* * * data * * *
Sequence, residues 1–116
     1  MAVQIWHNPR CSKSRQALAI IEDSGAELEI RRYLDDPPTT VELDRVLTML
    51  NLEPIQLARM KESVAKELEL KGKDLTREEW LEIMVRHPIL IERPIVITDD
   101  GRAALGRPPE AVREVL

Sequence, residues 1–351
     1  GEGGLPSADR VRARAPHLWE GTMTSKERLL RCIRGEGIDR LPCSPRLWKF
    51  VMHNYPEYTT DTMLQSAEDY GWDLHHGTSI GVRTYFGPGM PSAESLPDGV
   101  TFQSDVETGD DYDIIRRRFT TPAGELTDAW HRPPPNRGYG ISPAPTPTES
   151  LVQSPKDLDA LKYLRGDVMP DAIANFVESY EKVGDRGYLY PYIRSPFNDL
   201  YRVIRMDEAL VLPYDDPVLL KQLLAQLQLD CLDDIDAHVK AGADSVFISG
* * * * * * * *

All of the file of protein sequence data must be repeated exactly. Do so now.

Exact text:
Sequence, residues 1–116
     1  MAVQIWHNPR CSKSRQALAI IEDSGAELEI RRYLDDPPTT VELDRVLTML
    51  NLEPIQLARM KESVAKELEL KGKDLTREEW LEIMVRHPIL IERPIVITDD
   101  GRAALGRPPE AVREVL

Sequence, residues 1–351
     1  GEGGLPSADR VRARAPHLWE GTMTSKERLL RCIRGEGIDR LPCSPRLWKF
    51  VMHNYPEYTT DTMLQSAEDY GWDLHHGTSI GVRTYFGPGM PSAESLPDGV
   101  TFQSDVETGD DYDIIRRRFT TPAGELTDAW HRPPPNRGYG ISPAPTPTES
   151  LVQSPKDLDA LKYLRGDVMP DAIANFVESY EKVGDRGYLY PYIRSPFNDL
   201  YRVIRMDEAL VLPYDDPVLL KQLLAQLQLD CLDDIDAHVK AGADSVFISG